Research suggests that too-frequent immunizations may lead to a phenomenon called “immune exhaustion.”
Because COVID-19 is a relatively new virus, researchers still aren’t sure exactly how long vaccines and prior infections provide protection.
Some of the omicron variant’s unique properties – such as its ability to spread rapidly while causing milder COVID-19 infections – could usher in a new phase of the pandemic.
Having a range of immune cells that target different parts of the virus appears to make disease milder and could protect against future variants.
But the immune cells that vaccination spurs do last a long time.
It’s unclear whether the patients were already predisposed to these diseases, or the infection unmasked a process that had already begun. Or perhaps the infection triggered a completely new illness.
People with weakened immune systems are at a high risk of severe and prolonged COVID-19 infections. An extra vaccine dose can bolster protection.
Our study found lower levels of one type of immune cell – which may even be seen years before a person develops the disease.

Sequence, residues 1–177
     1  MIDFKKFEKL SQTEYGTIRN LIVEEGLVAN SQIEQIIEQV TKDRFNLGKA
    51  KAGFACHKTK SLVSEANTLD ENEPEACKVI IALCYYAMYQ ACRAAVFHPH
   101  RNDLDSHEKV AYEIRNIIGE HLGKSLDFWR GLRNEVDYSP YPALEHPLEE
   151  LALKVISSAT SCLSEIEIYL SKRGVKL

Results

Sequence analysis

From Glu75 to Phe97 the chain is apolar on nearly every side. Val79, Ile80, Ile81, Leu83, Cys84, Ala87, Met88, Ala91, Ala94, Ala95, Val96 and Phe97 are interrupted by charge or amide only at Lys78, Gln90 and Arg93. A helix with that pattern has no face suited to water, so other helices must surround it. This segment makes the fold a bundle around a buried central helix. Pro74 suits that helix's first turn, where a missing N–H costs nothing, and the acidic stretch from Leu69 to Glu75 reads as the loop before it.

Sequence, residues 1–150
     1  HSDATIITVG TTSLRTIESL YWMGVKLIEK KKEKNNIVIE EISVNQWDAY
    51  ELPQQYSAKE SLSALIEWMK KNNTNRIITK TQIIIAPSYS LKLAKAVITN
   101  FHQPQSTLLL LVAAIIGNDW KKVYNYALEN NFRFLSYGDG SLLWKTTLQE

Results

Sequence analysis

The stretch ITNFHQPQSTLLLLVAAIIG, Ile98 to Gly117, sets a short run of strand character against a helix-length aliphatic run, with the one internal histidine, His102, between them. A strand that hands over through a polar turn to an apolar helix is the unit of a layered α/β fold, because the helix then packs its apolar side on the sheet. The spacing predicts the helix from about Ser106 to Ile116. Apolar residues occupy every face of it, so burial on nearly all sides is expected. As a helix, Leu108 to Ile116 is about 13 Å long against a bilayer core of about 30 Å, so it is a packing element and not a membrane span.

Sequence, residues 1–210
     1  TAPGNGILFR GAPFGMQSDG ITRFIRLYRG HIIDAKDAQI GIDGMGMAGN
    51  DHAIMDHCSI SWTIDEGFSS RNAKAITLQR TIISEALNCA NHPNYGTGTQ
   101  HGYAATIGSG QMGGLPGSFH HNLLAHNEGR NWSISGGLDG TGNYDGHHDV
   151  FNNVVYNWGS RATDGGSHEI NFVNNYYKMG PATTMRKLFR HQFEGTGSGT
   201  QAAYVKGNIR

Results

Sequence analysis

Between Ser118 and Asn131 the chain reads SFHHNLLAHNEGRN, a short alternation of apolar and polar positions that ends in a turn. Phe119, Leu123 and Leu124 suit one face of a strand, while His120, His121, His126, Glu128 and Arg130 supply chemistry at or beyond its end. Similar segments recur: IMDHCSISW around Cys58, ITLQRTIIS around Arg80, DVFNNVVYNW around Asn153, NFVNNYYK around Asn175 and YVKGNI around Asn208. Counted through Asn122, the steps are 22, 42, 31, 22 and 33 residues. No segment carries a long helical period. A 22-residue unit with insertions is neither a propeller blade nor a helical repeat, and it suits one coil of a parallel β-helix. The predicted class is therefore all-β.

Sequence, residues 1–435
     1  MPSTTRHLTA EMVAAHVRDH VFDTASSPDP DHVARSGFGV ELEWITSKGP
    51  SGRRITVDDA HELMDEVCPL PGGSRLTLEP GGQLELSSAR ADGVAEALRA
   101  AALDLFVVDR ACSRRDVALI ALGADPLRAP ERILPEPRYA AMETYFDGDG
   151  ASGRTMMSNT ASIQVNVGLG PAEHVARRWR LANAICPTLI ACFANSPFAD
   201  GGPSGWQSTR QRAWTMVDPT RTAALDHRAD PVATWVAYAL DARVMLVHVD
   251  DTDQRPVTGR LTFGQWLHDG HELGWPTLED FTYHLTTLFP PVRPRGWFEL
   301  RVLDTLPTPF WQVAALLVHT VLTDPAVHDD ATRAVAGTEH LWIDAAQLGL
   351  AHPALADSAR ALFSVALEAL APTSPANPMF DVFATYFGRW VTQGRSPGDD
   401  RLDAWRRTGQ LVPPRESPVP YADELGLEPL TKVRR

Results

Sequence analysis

We mapped the genes of B cells to better understand why some develop immunity and others don’t.
Long-term protection will depend on the ‘memory response’ developed by our immune systems – and the initial signs are promising.
Antibody levels naturally fade – the key question is whether infected people sustain adequate levels of T cells and B cells.
Vaccines work by teaching your immune system about new viruses. Your immune cells are very clever – they will remember what they learnt, and protect you if you encounter that virus in the future.
It’s hard to discuss COVID without referring to white blood cells. Here is a primer on the two you need to know about.
Just focusing on spike proteins might not offer the complete immunity.
Evidence from a new study could help scientists develop drugs to neutralise the ‘allergic antibodies’ that cause anaphylaxis.
The 2018-2019 flu season was less deadly than the last. But the pattern of infection was unusual, thanks to the various strains circulating and the way flu shots work over time.
The cornerstone of our adaptive immune system is the ability to remember the various infections we have encountered. Quite literally, if it doesn’t kill you, it makes your immune system stronger.